Western Cultural Assumptions
The following is a list of cultural assumptions commonly held by westerners. It is essential that those of us who are engaged in cross-cultural ministry become aware of our assumptions, lest we wind up confusing our own culture with the gospel message. Our assumptions may not all be wrong, but we must make ourselves aware of them. Don't forget that these points are hints, not absolute statements: not everybody will agree on every point, but let's try to be really honest to ourselves!
Our Own Ignorance
We are typically unaware of our own world-view and how it affects the way we see everything about everything.
- We simply assume that our way of understanding reality is correct, and we almost never stop to examine our assumptions.
- We can't just study other people's cultures -- we must study our own to discover what we assume to be true.
- If you are guest in another country, asking many questions about their culture, you'll realise that they often don't actually know ... it feels so familiar, yet we never questioned why we show this particular behaviour etc.
- Actually, it's in this process of being questioned and questioning each other that we learn cultural sensitivity, both for our own and other cultures.
View of Reality
We assume that we live in a real world that exists outside ourselves.
- We see the world as rational and ordered, running according to natural laws.
- Therefore, we can examine these natural laws to discover how the world works.
- We make a sharp distinction between fact and fiction, actual events and myths, reality and dreams.
- In contrast many Asian cultures see the world as an illusion, the dreaming of god.
- Therefore, to discover reality you must look inside yourself -- science is unable to identify any truth.
We are dualistic.
- We see a distinction between the physical world and the spiritual world, the natural and the supernatural.
- Therefore, praying and evangelism is 'spiritual' where as washing the dishes is 'natural' and less important.
- Many other cultures see the natural and spiritual as being intimately intertwined.
- We tend to judge people by what they own -- we measure achievement by the quality of material goods one possesses.
- Likewise, we tend to equate happiness with material wealth and physical well-being.
- i.e. -- in business priority is on profit rather than the well-being of employees.
- We highly value these material things, almost assuming them to be rights -- warm homes, hot running water, comfortable beds, enough food...
We typically engage in 'Either/Or' thinking.
- We sort reality into opposing categories (i.e. either something is red or black, round or square, good or bad.)
- We distinguish work and play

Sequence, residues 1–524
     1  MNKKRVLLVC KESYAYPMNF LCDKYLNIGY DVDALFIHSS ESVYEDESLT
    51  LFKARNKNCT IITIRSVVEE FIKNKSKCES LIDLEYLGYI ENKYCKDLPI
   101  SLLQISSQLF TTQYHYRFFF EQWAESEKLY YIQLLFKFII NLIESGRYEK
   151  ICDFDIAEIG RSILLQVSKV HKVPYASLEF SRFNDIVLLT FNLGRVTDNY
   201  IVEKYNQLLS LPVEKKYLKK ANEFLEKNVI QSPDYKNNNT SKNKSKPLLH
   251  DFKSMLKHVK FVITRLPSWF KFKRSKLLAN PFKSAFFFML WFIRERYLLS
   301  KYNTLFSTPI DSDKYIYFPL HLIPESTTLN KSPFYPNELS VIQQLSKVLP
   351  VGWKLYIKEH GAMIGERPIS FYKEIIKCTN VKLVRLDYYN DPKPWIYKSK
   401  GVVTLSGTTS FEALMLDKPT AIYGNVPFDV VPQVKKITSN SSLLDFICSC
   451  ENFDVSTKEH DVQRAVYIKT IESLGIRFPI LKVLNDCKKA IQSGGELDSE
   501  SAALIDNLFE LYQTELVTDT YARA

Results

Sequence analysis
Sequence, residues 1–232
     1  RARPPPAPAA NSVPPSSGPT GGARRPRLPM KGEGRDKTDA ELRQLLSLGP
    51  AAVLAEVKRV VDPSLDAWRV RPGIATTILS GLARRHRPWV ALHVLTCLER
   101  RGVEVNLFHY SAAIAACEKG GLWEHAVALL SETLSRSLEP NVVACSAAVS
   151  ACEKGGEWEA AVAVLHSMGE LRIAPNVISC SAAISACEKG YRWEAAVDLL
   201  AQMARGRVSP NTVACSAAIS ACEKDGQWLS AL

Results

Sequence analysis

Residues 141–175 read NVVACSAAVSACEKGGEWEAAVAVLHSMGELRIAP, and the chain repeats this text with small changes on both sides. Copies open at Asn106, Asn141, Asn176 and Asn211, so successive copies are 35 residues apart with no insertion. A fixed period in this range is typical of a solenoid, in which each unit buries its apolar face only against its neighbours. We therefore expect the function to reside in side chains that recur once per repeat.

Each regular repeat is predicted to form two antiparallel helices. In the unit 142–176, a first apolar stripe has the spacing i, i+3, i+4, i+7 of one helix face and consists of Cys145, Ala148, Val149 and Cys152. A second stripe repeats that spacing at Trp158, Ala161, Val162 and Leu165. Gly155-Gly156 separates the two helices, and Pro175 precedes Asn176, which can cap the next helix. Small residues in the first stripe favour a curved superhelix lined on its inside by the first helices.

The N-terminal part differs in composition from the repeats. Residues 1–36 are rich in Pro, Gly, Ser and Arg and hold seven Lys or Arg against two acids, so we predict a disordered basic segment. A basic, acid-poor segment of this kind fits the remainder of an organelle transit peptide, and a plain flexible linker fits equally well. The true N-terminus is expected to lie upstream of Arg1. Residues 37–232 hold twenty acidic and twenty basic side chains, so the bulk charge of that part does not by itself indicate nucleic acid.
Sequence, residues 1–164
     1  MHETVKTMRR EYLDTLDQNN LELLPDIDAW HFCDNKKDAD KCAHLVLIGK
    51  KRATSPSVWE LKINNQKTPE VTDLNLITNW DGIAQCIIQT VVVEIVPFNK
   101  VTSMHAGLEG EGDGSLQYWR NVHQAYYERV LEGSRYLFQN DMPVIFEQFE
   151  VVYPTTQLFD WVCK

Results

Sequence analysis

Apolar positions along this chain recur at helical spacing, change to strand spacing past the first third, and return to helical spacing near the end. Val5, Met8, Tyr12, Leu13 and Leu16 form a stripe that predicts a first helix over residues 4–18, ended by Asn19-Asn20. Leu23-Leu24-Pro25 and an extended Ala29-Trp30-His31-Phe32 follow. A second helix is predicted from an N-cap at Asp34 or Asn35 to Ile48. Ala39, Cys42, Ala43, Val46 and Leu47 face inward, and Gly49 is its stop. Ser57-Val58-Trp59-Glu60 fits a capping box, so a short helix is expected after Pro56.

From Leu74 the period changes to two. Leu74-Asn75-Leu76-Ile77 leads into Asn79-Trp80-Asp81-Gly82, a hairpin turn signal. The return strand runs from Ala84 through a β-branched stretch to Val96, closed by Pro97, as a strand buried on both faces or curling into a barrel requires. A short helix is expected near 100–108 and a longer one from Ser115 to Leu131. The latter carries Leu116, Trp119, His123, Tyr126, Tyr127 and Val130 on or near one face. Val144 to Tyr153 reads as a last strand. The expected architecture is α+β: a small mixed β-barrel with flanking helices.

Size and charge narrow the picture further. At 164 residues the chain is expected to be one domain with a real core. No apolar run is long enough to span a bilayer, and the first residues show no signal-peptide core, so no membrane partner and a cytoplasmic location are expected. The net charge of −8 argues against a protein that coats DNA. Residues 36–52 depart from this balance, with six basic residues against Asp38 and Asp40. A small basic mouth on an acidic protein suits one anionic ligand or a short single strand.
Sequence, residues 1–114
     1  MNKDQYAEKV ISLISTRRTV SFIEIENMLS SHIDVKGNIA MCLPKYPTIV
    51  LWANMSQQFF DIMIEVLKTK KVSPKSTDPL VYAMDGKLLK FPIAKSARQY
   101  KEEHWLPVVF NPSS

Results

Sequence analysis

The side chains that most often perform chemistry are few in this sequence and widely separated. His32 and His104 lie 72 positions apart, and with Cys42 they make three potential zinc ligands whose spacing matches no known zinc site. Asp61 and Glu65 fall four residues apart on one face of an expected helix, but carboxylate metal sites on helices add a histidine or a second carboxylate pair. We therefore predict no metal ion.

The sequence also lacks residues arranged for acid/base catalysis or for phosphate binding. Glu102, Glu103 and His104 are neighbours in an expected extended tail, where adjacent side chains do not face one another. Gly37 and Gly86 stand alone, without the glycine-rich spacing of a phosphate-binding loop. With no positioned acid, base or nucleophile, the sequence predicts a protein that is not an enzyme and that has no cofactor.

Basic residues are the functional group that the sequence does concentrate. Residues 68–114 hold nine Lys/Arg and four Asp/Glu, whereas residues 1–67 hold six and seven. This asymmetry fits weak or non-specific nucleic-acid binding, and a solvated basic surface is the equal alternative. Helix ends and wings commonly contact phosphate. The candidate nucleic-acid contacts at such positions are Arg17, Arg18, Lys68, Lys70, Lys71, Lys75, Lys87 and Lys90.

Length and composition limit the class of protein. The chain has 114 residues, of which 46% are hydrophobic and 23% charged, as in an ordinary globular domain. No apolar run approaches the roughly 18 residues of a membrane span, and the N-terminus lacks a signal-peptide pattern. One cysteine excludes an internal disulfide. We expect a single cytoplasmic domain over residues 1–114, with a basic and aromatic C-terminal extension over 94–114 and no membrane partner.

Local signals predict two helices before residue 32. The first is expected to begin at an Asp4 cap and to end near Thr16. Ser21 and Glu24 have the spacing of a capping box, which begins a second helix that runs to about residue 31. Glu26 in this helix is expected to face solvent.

- Work is what people do for a living, and at work they must keep the boss happy.
- Play is for relaxation and friendships.
- High value is placed on work -- without a job you are seen as rather worthless.
- In many other cultures, work and play are not separated -- Building a new house could be an opportunity for a community to gather and celebrate together.
We separate public and private.
- What happens in our public lives (i.e. work) is to be separate from our home lives.
- It is wrong for people in the 'public' arena to ask you private questions.
- One has to act 'proper' in public, but can be themselves in private.
We have a mechanistic world-view.
- We tend to see the world and nature as a machine, all the different parts working together.
- The most important goal is the completion of tasks.
- For example -- we see nature as being made of lifeless atoms of chemicals which we can use for our benefit.
- Our society is made into roles where one person can be replaced by another like a cog in a machine -- you replace one supermarket worker with another, one teacher with another... everyone plays their role in the machine.
- Most other societies treat nature and humans as living beings. Relationship takes priority over completing tasks. Everything revolves around relationships. They see us as incredibly rude and impersonal.
We are individualistic.
- The individual is seen as the basic building block of society.
- Each person is their own authority with their own identity.
- We are taught to think for ourselves, to choose for ourselves, and are encouraged to stand up for our rights.
- Freedom is seen as a right for all.
- In many other cultures the basic building block of society is the group.
- People see themselves firstly as members of the group they belong to, not as individuals.
- Identity comes from the group, not from yourself.
- We are always searching for our own identity, because we believe our identity is found in who we are as individuals.
- We highly value self-reliance
- A great fear is to be dependent on other people, especially for money.
- Whereas in many other cultures, life is about being dependant on others.
We believe in the equality of all people.
- Relationships between people are horizontal -- we are all as equals, no one being worth more than others.
- In contrast many cultures are arranged into set hierarchies, such as the Indian caste system.
We place priority on time.
- Time is scarce and needs to be saved, and can be easily wasted and lost.
- Time is money, and employers buy the time of their workers.
- Buses, trains and airlines are all focused on time, and we are frustrated if our travel is delayed and we have to sit around and waste time.
- In many societies there is little focus on time.
- Rather, they are concerned with the task which needs to be done, and with relationships.
- Rituals and church services begin whenever everyone shows up, and they go until everyone is finished -- it could be hours, but no one minds.
- Friends visit without ever looking at a clock.